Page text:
The Bharatiya Janata Party (BJP), led by its prime ministerial candidate Narendra Modi, won an absolute majority in India's parliamentary polls, according to early vote counts by the Election Commission. If confirmed, this would be the first parliamentary majority by a single party in 30 years.
The poll which was staggered over five weeks, showed the BJP on track to win the 272 seats needed for a parliamentary majority, while the left-leaning Congress party, led by Rahul Gandhi, the scion of the Gandhi dynasty, was headed for its worst-ever defeat.
In a DW interview, Milan Vaishnav, political analyst and associate in the South Asia Program at the Washington-based Carnegie Endowment for International Peace, says that while the BJP victory is truly historic, its ability to govern will face several constraints which may pose a threat to its legislative agenda.
Milan Vaishnav: The BJP victory is truly historic. The fact that the BJP managed to secure an outright majority in parliament is totally unprecedented. It is the first time since 1984 that a single party has succeeded in winning a clear majority in parliament. Furthermore, it is the first time since post-independence India that a non-Congress party has been able to achieve this feat on its own.
Expectations are set very high for an incoming Modi-led BJP government. Modi has relentlessly criss-crossed the country promising, if elected, to revive India's economy, create millions of new jobs and tame persistently high inflation. Now that he is set to take office with an overwhelming majority and a clear mandate, he will be expected to deliver a quick economic turn-around.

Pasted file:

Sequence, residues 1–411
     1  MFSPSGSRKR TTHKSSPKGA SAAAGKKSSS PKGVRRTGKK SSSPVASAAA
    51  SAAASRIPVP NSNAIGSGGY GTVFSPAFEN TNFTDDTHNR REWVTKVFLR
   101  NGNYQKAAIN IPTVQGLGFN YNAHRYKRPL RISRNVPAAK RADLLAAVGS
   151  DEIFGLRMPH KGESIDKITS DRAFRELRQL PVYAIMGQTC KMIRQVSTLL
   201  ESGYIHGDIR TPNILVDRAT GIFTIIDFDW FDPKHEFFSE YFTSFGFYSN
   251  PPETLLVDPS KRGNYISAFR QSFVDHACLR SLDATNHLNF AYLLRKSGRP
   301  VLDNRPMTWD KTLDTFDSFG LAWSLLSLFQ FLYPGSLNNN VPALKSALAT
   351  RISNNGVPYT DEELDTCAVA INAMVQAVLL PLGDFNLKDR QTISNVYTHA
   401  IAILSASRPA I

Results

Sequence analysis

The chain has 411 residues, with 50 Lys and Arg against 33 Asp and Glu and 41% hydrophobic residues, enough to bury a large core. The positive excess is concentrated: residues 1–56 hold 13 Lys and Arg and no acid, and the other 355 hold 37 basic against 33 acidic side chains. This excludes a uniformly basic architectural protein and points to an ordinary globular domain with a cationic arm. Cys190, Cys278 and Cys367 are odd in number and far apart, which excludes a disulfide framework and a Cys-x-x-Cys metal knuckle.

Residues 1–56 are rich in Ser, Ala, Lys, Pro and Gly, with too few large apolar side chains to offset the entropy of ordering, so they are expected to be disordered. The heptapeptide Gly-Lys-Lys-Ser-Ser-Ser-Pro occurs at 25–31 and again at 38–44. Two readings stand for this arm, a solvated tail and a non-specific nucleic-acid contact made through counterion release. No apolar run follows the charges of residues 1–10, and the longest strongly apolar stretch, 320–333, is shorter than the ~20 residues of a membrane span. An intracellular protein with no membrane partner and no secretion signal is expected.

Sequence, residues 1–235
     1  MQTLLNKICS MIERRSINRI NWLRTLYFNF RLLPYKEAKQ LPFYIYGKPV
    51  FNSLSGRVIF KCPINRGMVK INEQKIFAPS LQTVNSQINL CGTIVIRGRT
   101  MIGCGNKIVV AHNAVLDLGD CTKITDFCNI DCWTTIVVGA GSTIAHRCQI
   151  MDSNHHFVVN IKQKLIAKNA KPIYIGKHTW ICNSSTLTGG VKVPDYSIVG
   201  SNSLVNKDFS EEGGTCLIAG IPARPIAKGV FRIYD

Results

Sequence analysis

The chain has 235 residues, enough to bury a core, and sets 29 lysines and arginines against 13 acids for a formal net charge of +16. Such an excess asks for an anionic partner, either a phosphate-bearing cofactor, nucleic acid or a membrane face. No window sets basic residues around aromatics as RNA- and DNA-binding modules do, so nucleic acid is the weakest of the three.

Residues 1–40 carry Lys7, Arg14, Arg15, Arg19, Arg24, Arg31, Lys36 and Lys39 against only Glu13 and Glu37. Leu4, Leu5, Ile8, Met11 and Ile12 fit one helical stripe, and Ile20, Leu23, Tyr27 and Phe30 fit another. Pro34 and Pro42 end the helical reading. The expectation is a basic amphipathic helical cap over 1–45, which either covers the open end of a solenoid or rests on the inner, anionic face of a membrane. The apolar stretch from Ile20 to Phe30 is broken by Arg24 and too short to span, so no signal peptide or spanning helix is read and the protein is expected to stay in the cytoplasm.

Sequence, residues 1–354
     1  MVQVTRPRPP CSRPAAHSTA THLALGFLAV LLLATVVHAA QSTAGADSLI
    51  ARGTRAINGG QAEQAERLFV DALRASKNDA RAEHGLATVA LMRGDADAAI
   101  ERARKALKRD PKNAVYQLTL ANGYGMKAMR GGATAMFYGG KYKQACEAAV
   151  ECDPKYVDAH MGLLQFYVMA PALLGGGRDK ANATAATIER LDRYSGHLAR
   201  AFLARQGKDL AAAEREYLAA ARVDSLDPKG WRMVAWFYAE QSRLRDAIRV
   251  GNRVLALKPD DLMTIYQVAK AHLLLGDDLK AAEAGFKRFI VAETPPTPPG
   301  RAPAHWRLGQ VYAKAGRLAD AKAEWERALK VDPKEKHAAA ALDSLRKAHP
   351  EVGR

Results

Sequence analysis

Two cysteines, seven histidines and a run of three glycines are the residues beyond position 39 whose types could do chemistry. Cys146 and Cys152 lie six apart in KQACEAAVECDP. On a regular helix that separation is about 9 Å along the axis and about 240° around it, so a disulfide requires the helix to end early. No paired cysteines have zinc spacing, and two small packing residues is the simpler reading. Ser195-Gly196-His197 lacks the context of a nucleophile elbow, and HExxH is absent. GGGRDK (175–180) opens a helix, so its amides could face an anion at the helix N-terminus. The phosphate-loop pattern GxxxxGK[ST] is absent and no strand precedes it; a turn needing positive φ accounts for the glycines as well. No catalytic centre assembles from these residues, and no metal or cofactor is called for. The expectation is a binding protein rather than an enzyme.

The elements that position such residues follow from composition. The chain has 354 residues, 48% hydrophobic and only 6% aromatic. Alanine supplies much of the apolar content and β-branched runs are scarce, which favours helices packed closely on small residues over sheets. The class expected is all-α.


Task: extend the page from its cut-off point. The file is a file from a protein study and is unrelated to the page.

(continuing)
On the economic front, Modi faces several constraints. The first one is that the BJP only controls the lower house of parliament, the Lok Sabha, but lacks a majority in the upper house, known as the Rajya Sabha. The absence of a majority in the upper house poses a threat to the BJP's legislative agenda. But there is a second constraint, which is that India is increasingly governed through its states rather than by the central government in New Delhi. This means that as prime minister, Modi will have less leverage than some of his predecessors in setting the agenda for economy policy reform.
On the social and political fronts, Modi will have to send a clear signal that he is in fact the prime minister of all of India, not just of its Hindu majority. Many minorities will view him with great skepticism because of his association with the BJP and the Sangh Parivar, not to mention the 2002 riots which took place in Gujarat on his watch. Furthermore, only one-third of voters who turned out actually voted for the BJP, with the remainder of votes going to the Congress and a host of smaller regional parties. He will have to win over these non-BJP voters as well.
The main animating issues of this election were primarily economic in nature. Election surveys, both conducted in advance of the polls as well as after the voting concluded, suggest that voters were most influenced by the sagging state of the economy. Voters identified the lack of development, jobs, corruption, and high inflation as their top concerns virtually across the board. Issues related to law and order, communal harmony or identity issues were less salient, although hardly negligible either.